That’s why it may come as a surprise to many of us that our iOS devices have a very real privacy vulnerability that’s just sitting there waiting to be taken advantage of. Even more surprisingly, Apple apparently has no intention of fixing it.
The flaw is due to what might seem like a very benign feature: copy and paste. In fact, most of us use copy and paste on a daily basis without thinking about it. We certainly don’t imagine that the information we copy could be intercepted by hackers. Apparently it can.
That’s because iOS clipboard is available to any app on your device, which means that when you copy information, whether text or photos, that information is available to any app that might want to access it.
A user may unwittingly expose their precise location to apps by simply copying a photo taken by the built-in Camera app to the general pasteboard. Through the GPS coordinates contained in the embedded image properties, any app used by the user after copying such a photo to the pasteboard can read the location information stored in the image properties, and accurately infer a user’s precise location. This can happen completely transparently and without user consent.
For its part, Apple’s position seems to be that this is less of a bug, and more of a loophole that can’t actually be manipulated. In fact, according to the researchers, Apple’s response was that it was no big deal.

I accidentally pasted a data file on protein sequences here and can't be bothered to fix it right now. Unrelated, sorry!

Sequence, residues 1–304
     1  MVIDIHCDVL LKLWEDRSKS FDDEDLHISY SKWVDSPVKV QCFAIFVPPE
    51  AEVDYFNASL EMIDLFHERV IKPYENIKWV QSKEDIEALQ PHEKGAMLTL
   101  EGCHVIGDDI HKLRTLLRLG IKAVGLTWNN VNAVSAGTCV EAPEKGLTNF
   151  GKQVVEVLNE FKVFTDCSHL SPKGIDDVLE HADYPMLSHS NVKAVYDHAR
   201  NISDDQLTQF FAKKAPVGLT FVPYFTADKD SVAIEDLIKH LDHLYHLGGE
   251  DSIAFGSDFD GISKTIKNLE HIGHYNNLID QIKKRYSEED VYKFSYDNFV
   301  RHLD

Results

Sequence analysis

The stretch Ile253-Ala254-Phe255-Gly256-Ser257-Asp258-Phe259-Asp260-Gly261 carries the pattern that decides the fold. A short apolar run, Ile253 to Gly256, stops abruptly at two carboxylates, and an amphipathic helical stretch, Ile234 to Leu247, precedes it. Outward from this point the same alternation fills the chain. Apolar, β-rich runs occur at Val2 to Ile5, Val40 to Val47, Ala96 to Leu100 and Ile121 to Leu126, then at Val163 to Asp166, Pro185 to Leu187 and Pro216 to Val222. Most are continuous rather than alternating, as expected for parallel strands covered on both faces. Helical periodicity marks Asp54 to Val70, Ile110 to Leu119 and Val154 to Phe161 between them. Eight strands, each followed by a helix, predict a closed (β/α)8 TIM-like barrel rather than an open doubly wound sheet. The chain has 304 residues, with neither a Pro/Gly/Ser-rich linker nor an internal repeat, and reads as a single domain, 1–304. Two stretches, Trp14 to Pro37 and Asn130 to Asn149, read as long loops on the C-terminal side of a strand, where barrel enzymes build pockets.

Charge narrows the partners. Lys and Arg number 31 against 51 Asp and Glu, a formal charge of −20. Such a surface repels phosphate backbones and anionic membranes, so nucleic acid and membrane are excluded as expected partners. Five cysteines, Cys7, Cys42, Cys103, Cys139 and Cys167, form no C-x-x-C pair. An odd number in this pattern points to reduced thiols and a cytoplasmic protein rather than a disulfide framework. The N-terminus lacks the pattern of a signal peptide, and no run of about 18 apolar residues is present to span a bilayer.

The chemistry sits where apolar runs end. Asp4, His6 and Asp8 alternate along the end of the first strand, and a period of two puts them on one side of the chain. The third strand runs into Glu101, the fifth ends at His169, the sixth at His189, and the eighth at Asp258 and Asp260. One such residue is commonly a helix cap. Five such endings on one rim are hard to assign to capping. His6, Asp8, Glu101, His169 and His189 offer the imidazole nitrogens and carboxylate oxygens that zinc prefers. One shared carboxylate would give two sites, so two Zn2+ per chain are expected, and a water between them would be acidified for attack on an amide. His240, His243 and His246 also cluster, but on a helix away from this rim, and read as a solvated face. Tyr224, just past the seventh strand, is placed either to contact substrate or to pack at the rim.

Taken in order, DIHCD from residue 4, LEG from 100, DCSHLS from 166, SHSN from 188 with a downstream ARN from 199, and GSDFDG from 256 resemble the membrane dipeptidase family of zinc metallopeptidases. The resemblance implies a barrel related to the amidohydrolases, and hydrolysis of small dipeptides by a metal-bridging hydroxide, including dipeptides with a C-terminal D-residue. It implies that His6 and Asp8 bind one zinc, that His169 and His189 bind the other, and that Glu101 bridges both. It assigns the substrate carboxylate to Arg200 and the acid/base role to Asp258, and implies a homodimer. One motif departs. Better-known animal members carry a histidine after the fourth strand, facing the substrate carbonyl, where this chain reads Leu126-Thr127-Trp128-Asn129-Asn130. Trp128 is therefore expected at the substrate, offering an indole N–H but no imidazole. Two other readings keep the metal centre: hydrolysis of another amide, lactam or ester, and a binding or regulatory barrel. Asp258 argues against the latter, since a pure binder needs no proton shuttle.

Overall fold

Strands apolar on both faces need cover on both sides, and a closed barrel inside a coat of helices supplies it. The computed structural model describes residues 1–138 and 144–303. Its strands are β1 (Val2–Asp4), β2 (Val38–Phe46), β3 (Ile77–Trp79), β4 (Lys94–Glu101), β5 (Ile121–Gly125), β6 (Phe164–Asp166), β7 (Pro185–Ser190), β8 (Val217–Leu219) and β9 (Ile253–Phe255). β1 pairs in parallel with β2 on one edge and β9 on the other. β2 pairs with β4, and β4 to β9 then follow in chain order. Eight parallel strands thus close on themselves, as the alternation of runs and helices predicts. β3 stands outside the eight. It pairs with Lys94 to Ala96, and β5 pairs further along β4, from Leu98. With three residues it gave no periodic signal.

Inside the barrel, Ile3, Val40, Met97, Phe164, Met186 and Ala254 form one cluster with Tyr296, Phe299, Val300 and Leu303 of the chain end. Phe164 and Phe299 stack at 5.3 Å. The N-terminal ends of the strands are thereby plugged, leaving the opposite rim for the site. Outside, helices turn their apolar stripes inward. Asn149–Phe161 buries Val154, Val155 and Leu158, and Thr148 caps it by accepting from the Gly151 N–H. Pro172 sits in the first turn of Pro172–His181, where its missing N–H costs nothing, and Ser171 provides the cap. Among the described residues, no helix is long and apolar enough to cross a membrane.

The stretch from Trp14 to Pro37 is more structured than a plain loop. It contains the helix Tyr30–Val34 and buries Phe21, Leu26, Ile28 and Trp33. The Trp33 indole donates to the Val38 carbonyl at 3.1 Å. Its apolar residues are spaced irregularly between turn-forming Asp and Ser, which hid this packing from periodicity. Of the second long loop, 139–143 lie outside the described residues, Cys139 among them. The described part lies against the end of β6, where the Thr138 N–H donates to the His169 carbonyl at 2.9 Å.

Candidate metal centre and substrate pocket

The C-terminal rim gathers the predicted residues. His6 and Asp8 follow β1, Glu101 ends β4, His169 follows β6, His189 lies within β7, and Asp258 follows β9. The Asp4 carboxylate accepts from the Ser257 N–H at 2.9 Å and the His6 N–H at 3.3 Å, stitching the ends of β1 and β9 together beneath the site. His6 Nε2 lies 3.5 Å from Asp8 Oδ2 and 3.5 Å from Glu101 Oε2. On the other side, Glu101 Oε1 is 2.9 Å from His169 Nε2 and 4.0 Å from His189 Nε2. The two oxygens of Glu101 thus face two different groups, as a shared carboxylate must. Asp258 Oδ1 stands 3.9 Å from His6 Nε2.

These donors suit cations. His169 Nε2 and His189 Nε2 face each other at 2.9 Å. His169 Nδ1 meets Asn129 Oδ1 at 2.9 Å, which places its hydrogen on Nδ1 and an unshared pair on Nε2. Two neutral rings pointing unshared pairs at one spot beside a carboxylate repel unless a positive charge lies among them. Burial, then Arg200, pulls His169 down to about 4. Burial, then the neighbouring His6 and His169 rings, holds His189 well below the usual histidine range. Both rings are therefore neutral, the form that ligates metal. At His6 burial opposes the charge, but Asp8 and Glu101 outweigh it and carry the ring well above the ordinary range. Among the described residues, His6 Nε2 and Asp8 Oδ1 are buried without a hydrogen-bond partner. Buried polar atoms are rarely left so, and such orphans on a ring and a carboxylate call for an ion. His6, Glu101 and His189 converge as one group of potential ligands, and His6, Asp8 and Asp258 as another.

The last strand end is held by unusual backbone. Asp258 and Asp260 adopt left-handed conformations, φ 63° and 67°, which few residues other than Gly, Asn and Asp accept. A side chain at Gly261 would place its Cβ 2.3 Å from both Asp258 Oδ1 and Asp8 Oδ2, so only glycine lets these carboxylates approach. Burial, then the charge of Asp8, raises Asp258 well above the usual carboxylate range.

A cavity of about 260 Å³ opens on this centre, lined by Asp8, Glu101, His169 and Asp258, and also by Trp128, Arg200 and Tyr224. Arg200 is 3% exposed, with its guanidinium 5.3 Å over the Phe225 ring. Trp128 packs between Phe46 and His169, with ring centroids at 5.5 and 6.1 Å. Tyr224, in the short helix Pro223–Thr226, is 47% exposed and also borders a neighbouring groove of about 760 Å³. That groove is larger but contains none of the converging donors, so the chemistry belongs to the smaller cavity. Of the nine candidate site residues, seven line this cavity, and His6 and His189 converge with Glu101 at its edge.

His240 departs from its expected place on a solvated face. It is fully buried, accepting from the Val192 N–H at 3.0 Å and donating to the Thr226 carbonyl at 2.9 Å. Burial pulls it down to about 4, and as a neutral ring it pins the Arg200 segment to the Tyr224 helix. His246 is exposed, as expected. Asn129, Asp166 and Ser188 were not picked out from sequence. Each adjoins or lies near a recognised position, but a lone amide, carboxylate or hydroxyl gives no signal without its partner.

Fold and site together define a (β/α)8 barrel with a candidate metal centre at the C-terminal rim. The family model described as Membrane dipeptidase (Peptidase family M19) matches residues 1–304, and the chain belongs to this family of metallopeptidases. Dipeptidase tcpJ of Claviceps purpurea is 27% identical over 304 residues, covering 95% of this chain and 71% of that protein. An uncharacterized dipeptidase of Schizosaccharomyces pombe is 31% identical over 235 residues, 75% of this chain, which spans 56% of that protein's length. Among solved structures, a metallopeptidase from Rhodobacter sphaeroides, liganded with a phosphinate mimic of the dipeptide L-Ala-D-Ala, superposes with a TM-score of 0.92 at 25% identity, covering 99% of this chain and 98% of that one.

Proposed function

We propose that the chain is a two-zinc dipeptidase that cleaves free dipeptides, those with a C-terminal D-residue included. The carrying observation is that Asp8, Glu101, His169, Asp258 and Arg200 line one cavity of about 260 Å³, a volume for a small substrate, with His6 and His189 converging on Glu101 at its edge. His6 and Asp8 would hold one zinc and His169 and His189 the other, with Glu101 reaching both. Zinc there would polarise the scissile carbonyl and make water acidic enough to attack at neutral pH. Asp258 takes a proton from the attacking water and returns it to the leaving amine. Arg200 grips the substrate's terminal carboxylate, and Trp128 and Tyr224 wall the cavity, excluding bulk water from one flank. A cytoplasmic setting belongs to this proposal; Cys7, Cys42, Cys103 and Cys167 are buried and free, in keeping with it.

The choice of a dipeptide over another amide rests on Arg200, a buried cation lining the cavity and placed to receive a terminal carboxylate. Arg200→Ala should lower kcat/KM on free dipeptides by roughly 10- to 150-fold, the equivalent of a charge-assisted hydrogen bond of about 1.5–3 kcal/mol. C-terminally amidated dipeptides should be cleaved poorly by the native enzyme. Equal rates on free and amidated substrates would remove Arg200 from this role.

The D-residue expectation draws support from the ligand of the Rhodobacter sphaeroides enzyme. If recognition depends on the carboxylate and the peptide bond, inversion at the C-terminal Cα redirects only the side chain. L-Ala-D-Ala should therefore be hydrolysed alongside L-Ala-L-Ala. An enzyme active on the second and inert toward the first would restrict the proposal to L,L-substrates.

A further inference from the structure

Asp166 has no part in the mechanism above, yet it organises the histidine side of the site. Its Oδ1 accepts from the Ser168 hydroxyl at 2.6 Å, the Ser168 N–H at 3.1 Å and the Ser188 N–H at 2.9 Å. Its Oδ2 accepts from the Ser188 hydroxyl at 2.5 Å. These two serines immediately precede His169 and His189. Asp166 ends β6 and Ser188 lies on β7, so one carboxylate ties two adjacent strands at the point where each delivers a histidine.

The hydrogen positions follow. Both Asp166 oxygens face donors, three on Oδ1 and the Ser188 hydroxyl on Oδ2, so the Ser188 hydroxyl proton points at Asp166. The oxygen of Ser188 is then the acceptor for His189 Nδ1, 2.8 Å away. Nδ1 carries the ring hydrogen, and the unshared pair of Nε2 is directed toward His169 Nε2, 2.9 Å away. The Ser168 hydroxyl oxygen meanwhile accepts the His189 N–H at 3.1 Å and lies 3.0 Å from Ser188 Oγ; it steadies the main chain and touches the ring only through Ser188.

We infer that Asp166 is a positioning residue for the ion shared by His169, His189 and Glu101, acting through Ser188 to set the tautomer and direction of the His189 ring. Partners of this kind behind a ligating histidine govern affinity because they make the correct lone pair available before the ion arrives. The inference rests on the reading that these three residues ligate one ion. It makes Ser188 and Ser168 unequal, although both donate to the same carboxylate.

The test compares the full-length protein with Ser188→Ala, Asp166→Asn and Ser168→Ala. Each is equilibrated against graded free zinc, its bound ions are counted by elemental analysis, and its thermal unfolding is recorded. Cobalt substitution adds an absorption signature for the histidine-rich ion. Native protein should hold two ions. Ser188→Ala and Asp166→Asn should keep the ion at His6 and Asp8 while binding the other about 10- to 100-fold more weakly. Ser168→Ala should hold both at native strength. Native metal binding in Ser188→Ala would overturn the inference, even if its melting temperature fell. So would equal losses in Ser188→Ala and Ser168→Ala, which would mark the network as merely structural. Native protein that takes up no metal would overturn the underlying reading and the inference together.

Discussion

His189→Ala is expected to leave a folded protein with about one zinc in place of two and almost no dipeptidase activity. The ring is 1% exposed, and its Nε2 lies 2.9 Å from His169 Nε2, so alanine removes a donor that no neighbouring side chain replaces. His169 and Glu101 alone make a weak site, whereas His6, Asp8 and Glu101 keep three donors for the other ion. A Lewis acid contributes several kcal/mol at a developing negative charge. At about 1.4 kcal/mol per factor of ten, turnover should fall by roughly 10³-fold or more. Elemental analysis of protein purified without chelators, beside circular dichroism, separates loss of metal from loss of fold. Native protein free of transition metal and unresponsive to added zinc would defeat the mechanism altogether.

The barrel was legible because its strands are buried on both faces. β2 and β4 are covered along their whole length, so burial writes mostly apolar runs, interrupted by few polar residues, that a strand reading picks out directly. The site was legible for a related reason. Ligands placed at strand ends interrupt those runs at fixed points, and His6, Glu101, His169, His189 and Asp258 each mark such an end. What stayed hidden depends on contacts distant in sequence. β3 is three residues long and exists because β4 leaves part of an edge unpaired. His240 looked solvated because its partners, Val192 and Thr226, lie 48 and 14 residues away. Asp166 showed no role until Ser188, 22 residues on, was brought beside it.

Except that those researches then created an app widget that constantly looks for information added to the clipboard and then “pastes” it within the app. That means that it can intercept any information you might copy to the clipboard. Most of the time that’s probably benign information, but it’s not out of the realm of possibility that you might copy something more sensitive like an address, a login, or a password.
In the case of photos, that includes embedded metadata like your location. Location data is especially concerning since it gives away your most personal information: where you are right now.
Apple takes great pains to ensure malicious apps don’t make it into the App store, but the problem is that there’s nothing malicious about reading the clipboard. That means that an app that takes advantage of this exploit isn’t going to get flagged since Apple sees it as just operating normally.
Of course, as far as we know, no one has ever taken advantage of this vulnerability. That doesn’t mean that no one will ever try.
Still, it’s a reminder that while Apple obviously has a strong privacy record overall, it’s worth mentioning that the company could allow users to control whether copied photos include metadata, or whether location access should be restricted without user consent.
It’s up to you to be aware of how different devices and apps are using your information. At the very least, it’s a good reminder that it’s best to always download apps from developers you trust.
Published on: Feb 26, 2020
The opinions expressed here by Inc.com columnists are their own, not those of Inc.com.